The basic equation behind funding a municipal government like Nassau County never changes much.
What goes out must come in.
But now, thanks to a pandemic that’s crippling both commerce and municipal coffers, the numbers to be fed into that merciless equation are frightening. County Executive Laura Curran projects a $749 million deficit over the next 18 months, and although the financial morass that raged for two decades had improved considerably over the past two years, now it is worse than ever.
And the coronavirus is far from the only reason.
Curran was making a lot of progress toward solving the budget equation before the coronavirus hit. Annual deficits that had been as much as $150 million less than a decade ago ended, and the county finished 2019 with a surplus.
But Nassau’s finances are again a disaster, thanks to sales tax revenue that could plummet by $400 million a year and reduced income from fees like red-light violations and mortgage and tax map recording. And the disappearance of those fees may not be a temporary decline, because two recent court decisions have called into question the legality of the $100 Nassau collects from every red-light ticket and the surcharges it levies on real-estate transactions.
It won’t be clear how bad the situation is until Congress, on vacation until July 20, decides how much help it will grant stricken communities to replace lost revenue. Republicans in the Senate and White House have thus far balked at providing additional help. So far, Nassau has received just $103 million, a drop in this leaking bucket.
The county can only spend what it brings in, and almost all the revenue comes via taxes and fees. The fees are theoretically limited to covering the services they fund, so taxes are meant to carry the real load.
But there is an eternal struggle to balance the taxes residents are willing to pay with the services they want, provided at salary and benefit levels county employees will work for. The equation is further muddied by a history of waste and politics that have historically combined to cost taxpayers money and erode their trust.
Borrowing is mostly supposed to be limited to capital projects like roads, but those borrowing rules are going to be ignored in the current crisis as municipalities like Nassau borrow for operating expenses just to stay afloat. That has to happen, but the county already owes more than $3.5 billion and the loans, old and new, must be repaid.
There is fresh help available when it comes to borrowing and refinancing, thanks to a new state law that says the Nassau Interim Finance Authority can borrow an unlimited amount for the county through 2051. That would let the county refinance to stretch out repayments and pay much lower rates than it would borrowing for itself. Curran’s plan to do just that will free up $285 million. The Republican-controlled county legislature is going to have to let go of its politics-tinged reluctance and support the moves, and do so by the fall.
But that borrowing solution won’t change the basic, unrelenting equation.
For most of the past 20 years, Nassau has refused to raise property taxes at all, instead relying on red-light camera revenue, big fees and borrowing. Even so, some homeowners are going to feel they are enduring large tax increases for the next five years as the county’s new assessment roll raises their taxes, which had been undercharged thanks to the county’s willingness to approve tax grievances. Curran’s unfreezing of the roll and attempt to create a working assessment system, while entirely necessary, further reduce the likelihood of property tax increases.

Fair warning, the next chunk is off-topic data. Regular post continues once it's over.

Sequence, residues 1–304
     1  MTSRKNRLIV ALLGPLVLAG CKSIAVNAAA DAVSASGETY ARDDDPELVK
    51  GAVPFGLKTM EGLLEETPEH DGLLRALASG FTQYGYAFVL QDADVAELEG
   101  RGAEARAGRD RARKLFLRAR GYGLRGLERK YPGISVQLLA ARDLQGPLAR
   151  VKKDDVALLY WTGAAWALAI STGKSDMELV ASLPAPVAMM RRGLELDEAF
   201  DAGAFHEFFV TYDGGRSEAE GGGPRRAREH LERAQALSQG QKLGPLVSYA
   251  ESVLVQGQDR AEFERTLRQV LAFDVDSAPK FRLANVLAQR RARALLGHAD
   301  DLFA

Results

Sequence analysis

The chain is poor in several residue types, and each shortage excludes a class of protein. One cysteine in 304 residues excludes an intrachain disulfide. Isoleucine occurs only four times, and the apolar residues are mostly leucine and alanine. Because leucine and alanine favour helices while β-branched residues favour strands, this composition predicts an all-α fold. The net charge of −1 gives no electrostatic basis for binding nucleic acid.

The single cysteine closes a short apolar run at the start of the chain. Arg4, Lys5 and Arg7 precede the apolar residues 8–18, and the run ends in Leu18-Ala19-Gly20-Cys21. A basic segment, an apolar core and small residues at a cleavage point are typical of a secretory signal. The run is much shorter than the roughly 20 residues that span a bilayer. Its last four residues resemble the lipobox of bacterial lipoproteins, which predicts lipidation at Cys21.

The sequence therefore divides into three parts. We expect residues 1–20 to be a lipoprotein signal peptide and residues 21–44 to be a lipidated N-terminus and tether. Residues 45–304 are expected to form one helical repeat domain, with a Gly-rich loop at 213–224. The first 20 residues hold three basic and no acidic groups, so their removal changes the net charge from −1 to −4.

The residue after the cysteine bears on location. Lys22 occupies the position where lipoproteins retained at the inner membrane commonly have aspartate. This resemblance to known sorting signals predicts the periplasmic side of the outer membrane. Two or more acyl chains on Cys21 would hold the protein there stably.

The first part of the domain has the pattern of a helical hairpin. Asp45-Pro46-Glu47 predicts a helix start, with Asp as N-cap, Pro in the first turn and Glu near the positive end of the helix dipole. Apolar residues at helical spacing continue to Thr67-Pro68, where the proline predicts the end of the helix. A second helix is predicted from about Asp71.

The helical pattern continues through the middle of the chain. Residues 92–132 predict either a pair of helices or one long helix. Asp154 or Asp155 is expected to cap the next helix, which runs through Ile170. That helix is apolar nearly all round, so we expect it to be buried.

And now the new assessment system itself is a casualty of the pandemic, with court closures extending property-tax appeal deadlines past the point when the county sets the final tax rolls. That means property owners who win reductions will be owed refunds but the county can’t claw back the overpayments it will have already made to school districts and municipalities.
The political and economic reality is that the county will now find it nearly impossible to balance the books by increasing revenue.
On the expense side, Nassau has done little to rein in the extraordinary resources devoted to law enforcement even as the debt piled up and other county services were slashed. Generous pay and benefit plans are in place, but far worse are overstaffing levels even in low-crime areas and a fortune wasted on a system of ambulances being driven by police that pointlessly diverts the time of two sworn officers.
The expense of law enforcement in the county, more than $800 million a year, could be cut by $150 million to $200 million a year without harming public safety, current and former county officials say. Only the county’s detectives have inked a labor deal; all its other unions are working without a contract. And a federal appeals court recently unanimously ruled NIFA did have the right to freeze county salaries to safeguard the county’s finances.
The wallets of many Nassau taxpayers are as empty as the county’s own purse, thanks to the economic devastation of the coronavirus. The only reasonable way forward is through controlling costs.
Nassau County can’t kick the can any further. It’s reaching the end of the road.
-- The editorial board